2003 OPEN FORUM Abstracts
USING HFOV FOR SURFACTANT ADMINISTRATION
Ryan Berg RRT, Ron Haskell RRT, Cathy Brower RRT, Kari Wood MSN Dale Gerstmann
MD, Gordon Lassen RRT, Ronald Stoddard MD, Stephen Minton MD. Neonatology, Utah
Valley Regional Medical Center, Provo, UT.
Objective: The purpose of this study was to explore and compare the immediate (24h) clinical responses following administration of surfactant with two modes of ventilation, namely, CV and HFOV. The hypothesis being that the clinical response following surfactant administration with HFOV is not worse than the clinical response following surfactant administration with CV.
Design: Following IRB approval of the study, infants <37wks GA who were determined by the attending neonatologist to require intubation, surfactant treatment and assisted ventilation were recruited for the study. Patients were randomized to receive rescue surfactant either with CV or with HFOV. All patients were placed on HFOV following intubation and before surfactant was administered. Specified ventilator changes were made to promote lung recruitment, then surfactant was administered during ventilation with CV or HFOV, then HFOV was resumed using a structured ventilator adjustment protocol in response to SpO2, TcPCO2, and ABG values. The following parameters were monitored: FiO2, CDP, delP, SpO2, TcPCO2, HR, RR, and BP. Monitoring occurred for 1 hour prior to surfactant, and post surfactant q1min to 10min, q10min to 60min, then q1h to 24h. Data were analyzed by ventilator group within an analysis of variance for repeated measures model.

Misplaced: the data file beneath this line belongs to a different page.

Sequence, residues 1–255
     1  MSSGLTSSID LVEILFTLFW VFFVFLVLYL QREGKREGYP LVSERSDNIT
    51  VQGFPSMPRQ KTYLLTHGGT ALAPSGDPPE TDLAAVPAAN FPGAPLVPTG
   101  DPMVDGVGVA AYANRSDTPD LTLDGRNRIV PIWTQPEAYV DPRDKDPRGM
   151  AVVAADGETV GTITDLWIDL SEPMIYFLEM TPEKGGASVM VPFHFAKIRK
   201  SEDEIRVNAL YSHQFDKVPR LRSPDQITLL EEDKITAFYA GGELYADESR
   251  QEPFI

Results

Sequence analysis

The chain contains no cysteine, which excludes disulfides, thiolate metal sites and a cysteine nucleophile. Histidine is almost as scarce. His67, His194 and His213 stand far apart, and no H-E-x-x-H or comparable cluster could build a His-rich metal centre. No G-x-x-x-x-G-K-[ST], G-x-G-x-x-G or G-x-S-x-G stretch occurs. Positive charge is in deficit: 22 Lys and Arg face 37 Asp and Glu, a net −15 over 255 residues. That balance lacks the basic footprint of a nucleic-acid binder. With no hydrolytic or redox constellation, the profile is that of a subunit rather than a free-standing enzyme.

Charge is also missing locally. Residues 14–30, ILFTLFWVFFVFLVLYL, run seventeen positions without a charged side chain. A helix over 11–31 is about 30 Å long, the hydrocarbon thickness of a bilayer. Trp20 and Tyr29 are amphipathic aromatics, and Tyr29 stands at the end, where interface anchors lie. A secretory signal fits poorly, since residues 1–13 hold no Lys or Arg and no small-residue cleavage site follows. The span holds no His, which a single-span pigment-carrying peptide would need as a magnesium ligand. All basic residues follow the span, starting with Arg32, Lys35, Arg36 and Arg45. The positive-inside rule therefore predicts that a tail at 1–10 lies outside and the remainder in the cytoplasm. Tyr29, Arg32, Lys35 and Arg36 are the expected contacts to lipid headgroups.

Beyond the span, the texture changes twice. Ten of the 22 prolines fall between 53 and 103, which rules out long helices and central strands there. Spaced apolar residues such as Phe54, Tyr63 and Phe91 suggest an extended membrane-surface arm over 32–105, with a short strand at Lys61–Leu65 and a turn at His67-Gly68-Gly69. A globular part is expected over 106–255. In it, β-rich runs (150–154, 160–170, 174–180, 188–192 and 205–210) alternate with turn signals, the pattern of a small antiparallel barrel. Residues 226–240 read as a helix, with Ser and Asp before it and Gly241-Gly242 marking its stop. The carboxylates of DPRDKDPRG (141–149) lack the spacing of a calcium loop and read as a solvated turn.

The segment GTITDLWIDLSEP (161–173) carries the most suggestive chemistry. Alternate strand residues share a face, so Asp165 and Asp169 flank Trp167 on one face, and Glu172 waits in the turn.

Results: Data are reported on 16 patients, 8 randomized to receive surfactant with CV and 8 with HFOV. Mean birth weight, gestational age and age at surfactant were 2115g, 33wk and 3.8h, respectively. Except for a higher respiratory rate in infants that would receive surfactant with HFOV (p<0.018), parameters were equivalent prior to surfactant. For the 24 hours following surfactant, BPsystolic (p=0.001), BPdiastolic (p<0.001), HR (p=0.008) and SpO2 (p=0.012) were higher, and CDP (p<0.001) and TcPCO2 (p<0.001) were lower in the group that received surfactant with HFOV compared to the group that received surfactant with CV. Although not a statistically significant difference, it is of note that 4 of 8 patients in the HFOV administration group versus 1 of 8 patients in the CV administration group were extubated by 24h.
Conclusion In HFOV treated neonates whose ventilator adjustments were managed the same before and for 24h following surfactant administration, these preliminary data suggest that cardio respiratory stability, oxygenation and ventilation may be no worse if initial surfactant is administered during HFOV, as compared to initial surfactant being administered with CV, which is the manufacturers' recommendation.